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“I just tested positive. Does my partner need testing?”

Ryan Corbett

If you receive a positive genetic test result for a hereditary cancer gene, one of the most important things that you can do is share this information with close relatives such as siblings, parents, and children. These family members may have a 50% risk to carry the same pathogenic variant and could be at increased risk for cancer. One person who may also be informative to test is your partner. They may not be your biological relative but testing your partner could reveal important risk information for your children (or future children!).

Many hereditary cancer gene mutations are passed down in an autosomal dominant pattern. This means that a person only needs one abnormal copy of the gene to be at increased risk for cancer. Close relatives (brothers, sisters, parents, children) have a 50% risk to carry the same pathogenic variant. However, there are some hereditary cancer genes where it is possible for an individual to inherit two abnormal copies of the gene (one from each parent). If both partners carry mutations in the same gene, there is a 1 in 4 (25%) chance that a child would inherit both abnormal copies. Having two abnormal copies of a gene often leads to a more severe childhood-onset condition. A genetic counselor can inform you if your specific gene mutation is associated with one these syndromes. Here are a few examples:

  • BRCA2: Having one abnormal copy of the BRCA2 gene is linked with an increased risk of breast and ovarian cancer in women, prostate and breast cancer in men, and melanoma and pancreatic cancer in both men and women. Two abnormal copies of the BRCA2 gene can cause a condition called Fanconi anemia. Individuals with Fanconi anemia typically have physical abnormalities such as short stature, limb abnormalities, and a small head size. Most individuals have bone marrow failure and an increased risk for leukemias and other cancers.
  • ATM: Having one abnormal copy of the ATM gene is linked to a moderate increased risk for breast cancer in women and possibly pancreatic cancer. Two abnormal copies of the ATM gene cause a condition called Ataxia Telangiectasia. This condition can cause lack of muscle control, which typically begins between ages 1–4. Telangiectasias (dilated blood vessels) can develop on their skin and in the eye. Many individuals with Ataxia Telangiectasia have weakened immune systems and can get frequent infections. There is also high risk for blood cancers.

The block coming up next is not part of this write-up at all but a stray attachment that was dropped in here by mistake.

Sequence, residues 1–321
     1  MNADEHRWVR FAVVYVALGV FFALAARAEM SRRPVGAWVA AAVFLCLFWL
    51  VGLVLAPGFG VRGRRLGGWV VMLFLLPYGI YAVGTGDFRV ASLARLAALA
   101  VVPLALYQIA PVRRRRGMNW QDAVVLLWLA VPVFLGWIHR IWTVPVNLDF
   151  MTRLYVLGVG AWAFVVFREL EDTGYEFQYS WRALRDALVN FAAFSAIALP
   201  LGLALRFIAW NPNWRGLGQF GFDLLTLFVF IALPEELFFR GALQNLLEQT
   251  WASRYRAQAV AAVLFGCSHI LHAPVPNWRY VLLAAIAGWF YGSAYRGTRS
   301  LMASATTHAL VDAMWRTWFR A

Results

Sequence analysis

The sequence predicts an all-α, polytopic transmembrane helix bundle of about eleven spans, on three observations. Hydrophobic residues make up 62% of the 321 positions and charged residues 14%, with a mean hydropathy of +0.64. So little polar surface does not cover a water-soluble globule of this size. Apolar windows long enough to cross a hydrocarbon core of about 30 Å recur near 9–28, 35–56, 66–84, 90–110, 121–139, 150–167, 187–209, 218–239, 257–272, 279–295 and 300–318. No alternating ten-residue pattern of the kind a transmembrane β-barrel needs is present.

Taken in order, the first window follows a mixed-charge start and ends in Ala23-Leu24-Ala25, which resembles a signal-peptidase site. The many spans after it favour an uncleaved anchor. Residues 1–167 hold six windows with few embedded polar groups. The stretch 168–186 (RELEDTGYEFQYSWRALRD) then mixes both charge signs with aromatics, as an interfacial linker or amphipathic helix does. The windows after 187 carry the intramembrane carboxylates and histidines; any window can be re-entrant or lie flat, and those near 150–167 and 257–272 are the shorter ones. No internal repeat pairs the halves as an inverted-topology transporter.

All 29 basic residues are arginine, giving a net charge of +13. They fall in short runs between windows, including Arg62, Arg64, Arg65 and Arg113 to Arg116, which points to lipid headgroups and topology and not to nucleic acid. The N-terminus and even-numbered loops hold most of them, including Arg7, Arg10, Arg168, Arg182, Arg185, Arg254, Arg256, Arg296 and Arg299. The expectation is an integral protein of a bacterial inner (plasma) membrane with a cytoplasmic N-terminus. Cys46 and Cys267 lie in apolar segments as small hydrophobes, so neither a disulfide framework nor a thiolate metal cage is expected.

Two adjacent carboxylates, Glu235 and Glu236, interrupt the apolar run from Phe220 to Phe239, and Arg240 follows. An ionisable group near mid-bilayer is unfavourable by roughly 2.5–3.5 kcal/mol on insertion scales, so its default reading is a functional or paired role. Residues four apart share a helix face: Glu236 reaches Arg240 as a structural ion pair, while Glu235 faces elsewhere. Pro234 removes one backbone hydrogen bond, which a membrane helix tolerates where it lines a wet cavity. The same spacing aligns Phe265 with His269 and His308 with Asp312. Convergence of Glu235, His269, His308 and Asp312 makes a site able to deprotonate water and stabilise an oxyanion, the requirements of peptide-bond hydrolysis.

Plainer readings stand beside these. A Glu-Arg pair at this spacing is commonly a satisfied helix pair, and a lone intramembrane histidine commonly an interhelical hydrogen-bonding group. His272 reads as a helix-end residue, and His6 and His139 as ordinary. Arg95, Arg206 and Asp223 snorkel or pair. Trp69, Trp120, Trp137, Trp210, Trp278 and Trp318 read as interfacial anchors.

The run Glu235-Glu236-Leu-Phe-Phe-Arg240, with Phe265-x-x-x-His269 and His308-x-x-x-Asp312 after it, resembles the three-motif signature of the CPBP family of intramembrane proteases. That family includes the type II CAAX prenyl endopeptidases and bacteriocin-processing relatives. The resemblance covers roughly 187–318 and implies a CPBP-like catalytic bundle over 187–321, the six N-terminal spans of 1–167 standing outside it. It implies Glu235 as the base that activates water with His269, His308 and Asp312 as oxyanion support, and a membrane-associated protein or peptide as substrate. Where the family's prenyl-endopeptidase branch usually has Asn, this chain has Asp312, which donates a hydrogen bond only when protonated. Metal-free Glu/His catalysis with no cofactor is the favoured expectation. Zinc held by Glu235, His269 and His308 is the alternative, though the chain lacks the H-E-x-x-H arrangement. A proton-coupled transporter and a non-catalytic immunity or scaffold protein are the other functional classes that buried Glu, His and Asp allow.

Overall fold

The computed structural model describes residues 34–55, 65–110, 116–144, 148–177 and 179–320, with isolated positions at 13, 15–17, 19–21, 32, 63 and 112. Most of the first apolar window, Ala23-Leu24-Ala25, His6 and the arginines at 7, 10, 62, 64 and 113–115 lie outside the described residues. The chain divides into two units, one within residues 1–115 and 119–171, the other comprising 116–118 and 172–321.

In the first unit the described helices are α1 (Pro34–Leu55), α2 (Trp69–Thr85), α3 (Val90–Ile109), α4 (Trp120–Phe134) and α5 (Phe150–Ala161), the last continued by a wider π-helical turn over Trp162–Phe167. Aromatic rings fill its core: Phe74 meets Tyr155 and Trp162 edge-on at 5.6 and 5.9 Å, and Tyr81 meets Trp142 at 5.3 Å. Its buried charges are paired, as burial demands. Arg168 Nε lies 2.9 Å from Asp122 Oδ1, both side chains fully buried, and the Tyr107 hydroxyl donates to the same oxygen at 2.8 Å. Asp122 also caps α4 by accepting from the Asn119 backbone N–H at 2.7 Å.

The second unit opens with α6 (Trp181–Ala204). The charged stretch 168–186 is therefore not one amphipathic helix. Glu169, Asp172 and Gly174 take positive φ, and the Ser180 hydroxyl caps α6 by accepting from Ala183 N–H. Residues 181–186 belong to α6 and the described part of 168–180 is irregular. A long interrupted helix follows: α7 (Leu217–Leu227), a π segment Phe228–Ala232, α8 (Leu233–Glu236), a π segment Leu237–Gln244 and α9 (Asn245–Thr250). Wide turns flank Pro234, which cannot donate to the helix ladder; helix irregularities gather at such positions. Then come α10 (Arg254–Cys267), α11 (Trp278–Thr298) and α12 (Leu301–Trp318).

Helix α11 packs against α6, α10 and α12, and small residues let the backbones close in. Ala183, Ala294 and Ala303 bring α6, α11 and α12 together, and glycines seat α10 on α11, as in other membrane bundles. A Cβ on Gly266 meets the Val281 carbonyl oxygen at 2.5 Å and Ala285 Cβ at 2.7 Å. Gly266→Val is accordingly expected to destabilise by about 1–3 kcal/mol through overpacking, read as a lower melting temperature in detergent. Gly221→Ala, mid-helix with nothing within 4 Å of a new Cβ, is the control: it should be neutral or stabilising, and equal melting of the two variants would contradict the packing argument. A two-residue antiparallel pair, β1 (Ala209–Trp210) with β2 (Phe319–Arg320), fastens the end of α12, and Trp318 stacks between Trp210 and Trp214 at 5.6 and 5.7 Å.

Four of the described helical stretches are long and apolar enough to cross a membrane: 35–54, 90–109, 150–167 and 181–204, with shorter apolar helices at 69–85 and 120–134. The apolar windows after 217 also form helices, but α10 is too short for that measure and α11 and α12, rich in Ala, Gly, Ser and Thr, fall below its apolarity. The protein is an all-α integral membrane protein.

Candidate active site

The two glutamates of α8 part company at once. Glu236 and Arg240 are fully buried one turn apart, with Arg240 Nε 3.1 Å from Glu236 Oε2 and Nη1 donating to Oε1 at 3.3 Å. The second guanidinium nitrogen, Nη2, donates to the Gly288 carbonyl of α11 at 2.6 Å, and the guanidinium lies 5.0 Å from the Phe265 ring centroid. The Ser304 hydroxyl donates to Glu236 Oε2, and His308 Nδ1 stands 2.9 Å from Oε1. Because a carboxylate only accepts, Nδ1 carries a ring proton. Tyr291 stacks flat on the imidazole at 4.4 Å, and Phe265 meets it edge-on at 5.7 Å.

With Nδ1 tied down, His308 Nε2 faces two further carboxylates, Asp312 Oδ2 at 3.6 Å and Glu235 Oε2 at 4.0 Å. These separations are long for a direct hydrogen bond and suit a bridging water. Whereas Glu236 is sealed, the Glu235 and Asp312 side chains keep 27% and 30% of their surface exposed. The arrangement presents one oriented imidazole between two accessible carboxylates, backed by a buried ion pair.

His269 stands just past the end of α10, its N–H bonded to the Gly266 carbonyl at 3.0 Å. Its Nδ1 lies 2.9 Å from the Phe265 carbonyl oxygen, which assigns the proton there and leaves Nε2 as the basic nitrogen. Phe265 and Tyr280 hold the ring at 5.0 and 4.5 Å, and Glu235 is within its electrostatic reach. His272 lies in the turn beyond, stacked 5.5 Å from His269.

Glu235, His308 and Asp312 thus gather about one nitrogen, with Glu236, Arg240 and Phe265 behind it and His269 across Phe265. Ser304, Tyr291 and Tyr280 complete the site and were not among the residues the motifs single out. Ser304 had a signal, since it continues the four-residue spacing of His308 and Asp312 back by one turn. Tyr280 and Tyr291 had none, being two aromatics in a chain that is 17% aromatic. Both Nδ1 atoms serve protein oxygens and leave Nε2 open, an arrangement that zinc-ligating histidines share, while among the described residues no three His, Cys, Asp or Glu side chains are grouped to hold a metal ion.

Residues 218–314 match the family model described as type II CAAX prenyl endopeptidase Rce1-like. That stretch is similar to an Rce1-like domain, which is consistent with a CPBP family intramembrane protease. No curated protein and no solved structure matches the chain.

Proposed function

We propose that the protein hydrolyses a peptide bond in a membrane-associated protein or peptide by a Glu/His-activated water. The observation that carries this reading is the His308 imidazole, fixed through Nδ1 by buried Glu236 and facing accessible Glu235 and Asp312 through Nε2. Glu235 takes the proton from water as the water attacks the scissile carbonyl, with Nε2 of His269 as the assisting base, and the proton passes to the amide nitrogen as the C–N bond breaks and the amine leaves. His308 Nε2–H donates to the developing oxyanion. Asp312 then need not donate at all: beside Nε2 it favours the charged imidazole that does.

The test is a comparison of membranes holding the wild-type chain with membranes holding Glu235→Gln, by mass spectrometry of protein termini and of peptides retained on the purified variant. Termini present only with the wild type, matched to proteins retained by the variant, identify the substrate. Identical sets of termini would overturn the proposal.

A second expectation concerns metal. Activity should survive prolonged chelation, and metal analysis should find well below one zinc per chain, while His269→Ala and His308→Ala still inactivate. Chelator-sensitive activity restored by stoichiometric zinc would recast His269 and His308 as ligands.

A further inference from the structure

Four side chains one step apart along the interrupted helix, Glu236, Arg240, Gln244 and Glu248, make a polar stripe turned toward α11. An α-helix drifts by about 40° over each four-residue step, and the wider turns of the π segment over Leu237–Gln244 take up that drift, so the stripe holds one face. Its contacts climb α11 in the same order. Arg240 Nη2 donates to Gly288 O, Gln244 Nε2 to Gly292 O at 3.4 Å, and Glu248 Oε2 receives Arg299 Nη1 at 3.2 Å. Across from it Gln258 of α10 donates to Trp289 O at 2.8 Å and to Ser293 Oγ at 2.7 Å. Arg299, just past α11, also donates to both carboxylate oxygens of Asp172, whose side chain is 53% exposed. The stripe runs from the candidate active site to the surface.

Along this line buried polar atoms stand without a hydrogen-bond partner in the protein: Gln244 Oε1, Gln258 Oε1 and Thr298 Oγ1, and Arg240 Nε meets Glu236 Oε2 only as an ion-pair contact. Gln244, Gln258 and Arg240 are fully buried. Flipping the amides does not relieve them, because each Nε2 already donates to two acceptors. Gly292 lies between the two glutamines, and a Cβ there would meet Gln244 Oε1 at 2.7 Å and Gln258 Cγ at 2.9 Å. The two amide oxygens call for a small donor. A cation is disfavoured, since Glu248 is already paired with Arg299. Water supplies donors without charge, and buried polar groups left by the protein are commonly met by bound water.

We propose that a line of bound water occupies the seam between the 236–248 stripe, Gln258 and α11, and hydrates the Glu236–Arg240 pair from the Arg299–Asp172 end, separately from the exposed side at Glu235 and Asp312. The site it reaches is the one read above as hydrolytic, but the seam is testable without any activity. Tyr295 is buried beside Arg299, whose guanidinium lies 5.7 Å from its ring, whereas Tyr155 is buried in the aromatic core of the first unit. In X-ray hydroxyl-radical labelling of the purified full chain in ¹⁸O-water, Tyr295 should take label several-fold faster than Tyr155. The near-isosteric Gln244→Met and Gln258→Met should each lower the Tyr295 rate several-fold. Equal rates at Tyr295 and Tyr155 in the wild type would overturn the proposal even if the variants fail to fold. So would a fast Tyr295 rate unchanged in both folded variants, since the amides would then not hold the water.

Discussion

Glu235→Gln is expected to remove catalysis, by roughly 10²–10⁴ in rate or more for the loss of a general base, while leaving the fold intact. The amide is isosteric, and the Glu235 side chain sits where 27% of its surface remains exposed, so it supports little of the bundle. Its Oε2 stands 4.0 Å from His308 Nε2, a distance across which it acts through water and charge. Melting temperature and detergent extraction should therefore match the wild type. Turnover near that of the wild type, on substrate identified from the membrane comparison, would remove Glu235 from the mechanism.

• MLH1, MSH2, MSH6, PMS2, EPCAM: Having one abnormal copy of these genes cause Lynch syndrome, which is associated with an increased risk of colon, endometrial, and other cancer types during adulthood. Two abnormal copies of the Lynch syndrome genes cause a childhood cancer syndrome condition called Constitutional Mismatch Repair Deficiency syndrome (CMMRD). Children with CMMRD have a high risk for blood cancers, brain tumors and gastrointestinal cancers. They can also have multiple café au lait macules (flat brown birth marks), hypopigmentation (loss of skin color), and freckling in their armpits.

Even though these conditions are rare, testing your partner can clarify the risk that you may have a child with two abnormal gene copies. This is especially important if your partner has a family history of cancer. There are even technologies that may prevent these conditions, including Preimplantation Genetic Diagnosis (PGD). Learning if your partner also carries a pathogenic variant in a hereditary cancer gene can help you better understand the risks for your children or future children. If you would like to learn more about these conditions you can find a genetic counselor near you through the ‘Find a Genetic Counselor’ search tool available at www.NSGC.org

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